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Events for March 06, 2019

  • Repeating EventMeet USC: Admission Presentation, Campus Tour, and Engineering Talk

    Wed, Mar 06, 2019

    Viterbi School of Engineering Undergraduate Admission

    Workshops & Infosessions


    This half day program is designed for prospective freshmen (HS juniors and younger) and family members. Meet USC includes an information session on the University and the Admission process, a student led walking tour of campus, and a meeting with us in the Viterbi School. During the engineering session we will discuss the curriculum, research opportunities, hands-on projects, entrepreneurial support programs, and other aspects of the engineering school. Meet USC is designed to answer all of your questions about USC, the application process, and financial aid.

    Reservations are required for Meet USC. This program occurs twice, once at 8:30 a.m. and again at 12:30 p.m.

    Please make sure to check availability and register online for the session you wish to attend. Also, remember to list an Engineering major as your "intended major" on the webform!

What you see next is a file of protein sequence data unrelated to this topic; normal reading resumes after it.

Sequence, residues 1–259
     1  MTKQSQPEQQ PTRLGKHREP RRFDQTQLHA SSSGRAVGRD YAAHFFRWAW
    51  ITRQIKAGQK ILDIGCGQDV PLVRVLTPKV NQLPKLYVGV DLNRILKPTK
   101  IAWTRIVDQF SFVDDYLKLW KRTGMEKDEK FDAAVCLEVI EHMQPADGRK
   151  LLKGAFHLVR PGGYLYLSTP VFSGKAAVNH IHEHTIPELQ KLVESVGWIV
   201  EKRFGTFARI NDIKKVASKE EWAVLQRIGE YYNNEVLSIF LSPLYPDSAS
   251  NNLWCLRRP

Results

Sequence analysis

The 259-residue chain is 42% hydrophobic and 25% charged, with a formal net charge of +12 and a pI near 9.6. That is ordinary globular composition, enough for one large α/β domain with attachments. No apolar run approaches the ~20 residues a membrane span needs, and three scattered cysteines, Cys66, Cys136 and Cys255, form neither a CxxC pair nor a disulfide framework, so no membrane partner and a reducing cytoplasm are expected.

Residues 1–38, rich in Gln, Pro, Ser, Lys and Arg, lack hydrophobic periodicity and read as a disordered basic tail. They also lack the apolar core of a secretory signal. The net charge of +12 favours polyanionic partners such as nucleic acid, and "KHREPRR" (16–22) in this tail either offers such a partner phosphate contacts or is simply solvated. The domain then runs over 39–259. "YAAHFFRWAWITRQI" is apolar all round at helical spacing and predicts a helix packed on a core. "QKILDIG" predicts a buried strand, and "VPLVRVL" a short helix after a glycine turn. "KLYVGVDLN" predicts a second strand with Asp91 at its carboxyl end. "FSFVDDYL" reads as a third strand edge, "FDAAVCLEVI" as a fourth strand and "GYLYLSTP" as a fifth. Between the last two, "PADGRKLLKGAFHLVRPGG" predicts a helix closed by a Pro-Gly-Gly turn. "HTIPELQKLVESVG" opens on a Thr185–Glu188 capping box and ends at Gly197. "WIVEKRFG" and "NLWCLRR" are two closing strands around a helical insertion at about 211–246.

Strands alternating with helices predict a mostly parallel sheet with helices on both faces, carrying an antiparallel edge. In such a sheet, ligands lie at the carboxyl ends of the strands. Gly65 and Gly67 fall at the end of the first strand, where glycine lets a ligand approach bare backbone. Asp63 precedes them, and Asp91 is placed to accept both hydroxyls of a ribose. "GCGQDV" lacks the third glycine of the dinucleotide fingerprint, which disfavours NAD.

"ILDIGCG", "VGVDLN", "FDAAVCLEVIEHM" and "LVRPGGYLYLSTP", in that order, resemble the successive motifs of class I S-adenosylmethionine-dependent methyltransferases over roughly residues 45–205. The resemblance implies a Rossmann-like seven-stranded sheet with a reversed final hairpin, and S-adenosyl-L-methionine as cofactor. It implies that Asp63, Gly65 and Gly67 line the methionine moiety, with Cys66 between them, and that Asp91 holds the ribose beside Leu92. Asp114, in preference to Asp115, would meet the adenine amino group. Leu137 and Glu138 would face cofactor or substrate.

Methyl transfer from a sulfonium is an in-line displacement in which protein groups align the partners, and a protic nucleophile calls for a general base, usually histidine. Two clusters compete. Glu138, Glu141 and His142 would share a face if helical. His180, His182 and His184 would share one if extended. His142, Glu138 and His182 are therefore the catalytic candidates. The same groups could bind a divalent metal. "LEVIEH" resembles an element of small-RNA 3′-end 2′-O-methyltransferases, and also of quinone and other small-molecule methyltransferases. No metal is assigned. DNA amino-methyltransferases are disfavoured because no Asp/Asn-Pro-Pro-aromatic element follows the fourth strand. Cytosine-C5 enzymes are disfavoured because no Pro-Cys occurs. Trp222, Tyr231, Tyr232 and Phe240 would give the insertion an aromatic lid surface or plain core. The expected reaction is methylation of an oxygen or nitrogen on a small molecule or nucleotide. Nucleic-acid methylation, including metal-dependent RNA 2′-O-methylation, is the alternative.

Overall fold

RSVP

    Location: Ronald Tutor Campus Center (TCC) - USC Admission Office

    Audiences: Everyone Is Invited

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    Posted By: Viterbi Admission

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  • Center for Cyber-Physical Systems and Internet of Things and Ming Hsieh Institute Seminar Series

    Wed, Mar 06, 2019 @ 03:00 AM - 04:00 PM

    Ming Hsieh Department of Electrical and Computer Engineering

    Conferences, Lectures, & Seminars


    Speaker: Dorsa Sadigh, Computer Science and Electrical Engineering at Stanford University

    Talk Title: Interactive Autonomy: A human-centered approach to learning and control

    Series: Center for Cyber-Physical Systems and Internet of Things

    Abstract: Today's society is rapidly advancing towards robotics systems that interact and collaborate with humans, e.g., semi-autonomous vehicles interacting with drivers and pedestrians, medical robots used in collaboration with doctors, or service robots interacting with their users in smart homes. Formalizing interaction is a crucial component in seamless collaboration and coordination between humans and today's robotics systems. In this talk, I will first discuss our recent results on efficient and active learning of predictive models of humans' preferences by eliciting comparisons from humans. I will then formalize interactive autonomy, and our approach in design of learning and control algorithms that influence humans in interactive settings. I will further analyze the global implications of human-robot interaction and its societal impacts in the setting of autonomous driving.